RESEARCH BRIEFING – WEEK IN REVIEW
Two studies of pediatric outcomes in hospitalized patients
Infants, children, and adolescents have been spared the higher mortality rates seen in adults and especially seniors during the covid-19 pandemic. The percent of pediatric cases is thought to be approximately 1.7% in the U.S.; global estimates range from 1 to 6%, which again may reflect testing capacity and testing policy. Early in the SARS-CoV-2 outbreak, reports out of China found that infants and children generally experienced excellent outcomes, including a 15% rate of asymptomatic disease among the youngest age groups. However, such observations may have been influenced by the testing strategies in use. In recent days, two new entries in the medical literature have appeared describing outcomes of pediatric infections among patients seen in New York City and in ten regions of Italy. The New York study, appearing in JAMA Pediatrics describes the features and outcomes of 50 patients who were found to be positive for SARS-CoV-2 who were ill enough to require hospitalization. During the study period (March 1 through April 15), testing was performed on 387 unique patients; 73 of the patients were eventually found to be positive for the virus (15%). Of these 73, fifty patients (68%) were hospitalized. One finding different from what has been seen in adults is the shorter timespan between first symptoms and hospital admission; 1 to 5 days in children overall (average of 2 days), with adolescents having a longer period of symptoms prior to hospitalization and younger children and infants having shorter durations of illness prior to admission (1-2 days). It is unclear whether this difference reflects that pediatric patients with more serious illnesses progress more quickly than adults do, or rather, that the pattern results from physicians and parents preferring admission for monitoring even among milder cases. There is some suggestion that these cases were more severe than adult cases, though; some degree of breathing support was needed for 32% of the hospitalized children, and 18% required mechanical ventilation. A previous study of hospitalized adults in the New York City area found somewhat lower rates of mechanical ventilation (12%). The most important risk factor for children developing particularly serious disease was obesity (22%). Obesity also figured into higher rates of mechanical ventilation in patients older than 2 years of age. Most patients (80%) had fever. Only 6% had the characteristic loss of smell, though among young children, subtle differences in smell may have been challenging to detect. Meanwhile, the study out of Italy found slightly lower rates of hospitalization (58%), and fewer children needed any kind of support for breathing (12%). Whether these differences reflect differences in the relative health of American and Italian children or differences in physician and parent preferences in the two nations remains an open question. Abbreviated from Brief19 for 9 June 2020.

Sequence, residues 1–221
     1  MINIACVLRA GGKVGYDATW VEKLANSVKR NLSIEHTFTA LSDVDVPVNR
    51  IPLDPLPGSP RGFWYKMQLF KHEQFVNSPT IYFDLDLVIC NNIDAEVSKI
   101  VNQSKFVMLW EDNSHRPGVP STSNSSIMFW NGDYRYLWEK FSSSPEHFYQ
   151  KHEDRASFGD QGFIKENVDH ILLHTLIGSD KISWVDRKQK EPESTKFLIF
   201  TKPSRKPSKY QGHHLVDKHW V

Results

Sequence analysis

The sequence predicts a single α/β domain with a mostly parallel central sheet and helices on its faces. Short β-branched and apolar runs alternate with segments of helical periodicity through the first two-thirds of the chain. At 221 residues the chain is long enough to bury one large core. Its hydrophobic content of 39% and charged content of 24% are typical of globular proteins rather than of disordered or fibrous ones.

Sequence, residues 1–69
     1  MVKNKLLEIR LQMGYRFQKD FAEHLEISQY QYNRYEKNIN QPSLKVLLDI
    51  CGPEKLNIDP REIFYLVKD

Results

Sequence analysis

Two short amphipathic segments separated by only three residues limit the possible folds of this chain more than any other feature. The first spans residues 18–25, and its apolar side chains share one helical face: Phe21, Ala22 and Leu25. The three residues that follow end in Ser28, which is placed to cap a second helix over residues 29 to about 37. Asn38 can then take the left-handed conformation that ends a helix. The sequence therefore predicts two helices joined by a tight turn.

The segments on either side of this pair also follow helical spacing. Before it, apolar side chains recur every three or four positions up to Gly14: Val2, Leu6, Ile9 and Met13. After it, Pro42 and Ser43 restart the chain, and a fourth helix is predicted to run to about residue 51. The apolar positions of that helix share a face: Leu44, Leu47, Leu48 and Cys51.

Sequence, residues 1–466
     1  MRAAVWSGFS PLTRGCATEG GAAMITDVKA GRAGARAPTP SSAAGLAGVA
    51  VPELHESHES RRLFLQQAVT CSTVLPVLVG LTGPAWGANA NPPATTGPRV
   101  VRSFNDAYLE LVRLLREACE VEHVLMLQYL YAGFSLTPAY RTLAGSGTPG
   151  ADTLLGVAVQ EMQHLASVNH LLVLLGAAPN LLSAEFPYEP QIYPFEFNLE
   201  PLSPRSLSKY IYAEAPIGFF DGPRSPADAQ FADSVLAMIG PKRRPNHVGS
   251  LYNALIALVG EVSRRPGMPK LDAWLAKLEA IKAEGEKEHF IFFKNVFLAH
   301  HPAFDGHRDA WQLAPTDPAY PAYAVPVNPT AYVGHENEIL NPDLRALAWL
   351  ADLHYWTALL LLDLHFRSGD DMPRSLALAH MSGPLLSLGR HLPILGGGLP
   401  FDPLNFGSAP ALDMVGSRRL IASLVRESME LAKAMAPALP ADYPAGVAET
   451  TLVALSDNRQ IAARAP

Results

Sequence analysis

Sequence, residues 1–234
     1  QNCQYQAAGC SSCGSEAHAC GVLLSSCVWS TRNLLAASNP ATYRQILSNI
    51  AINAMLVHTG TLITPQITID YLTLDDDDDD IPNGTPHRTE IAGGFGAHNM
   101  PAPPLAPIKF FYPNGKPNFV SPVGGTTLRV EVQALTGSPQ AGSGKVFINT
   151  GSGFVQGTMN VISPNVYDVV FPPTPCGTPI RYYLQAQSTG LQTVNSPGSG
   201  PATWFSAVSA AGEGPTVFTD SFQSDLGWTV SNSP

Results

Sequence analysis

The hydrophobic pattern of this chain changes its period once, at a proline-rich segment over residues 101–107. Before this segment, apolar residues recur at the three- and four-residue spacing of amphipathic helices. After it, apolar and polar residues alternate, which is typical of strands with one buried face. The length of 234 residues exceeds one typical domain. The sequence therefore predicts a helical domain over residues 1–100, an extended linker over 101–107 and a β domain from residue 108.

COVID-19 Post-Infectious Cytokine Release Syndrome In Children
The after-effects of covid-19 among a small group of children has made news headlines. We asked the authors of a recent paper appearing in the American Journal of Emergency Medicine, including Jennifer Sanders, MD, to summarize their work studying covid-19 post-infectious cytokine release syndrome, also known as Multi-System Inflammatory Syndrome in Children (MIS-C). Please see Brief19 for 8 June 2020 for the full briefing.
C-section or vaginal delivery and the risk of transmission of SARS-CoV-2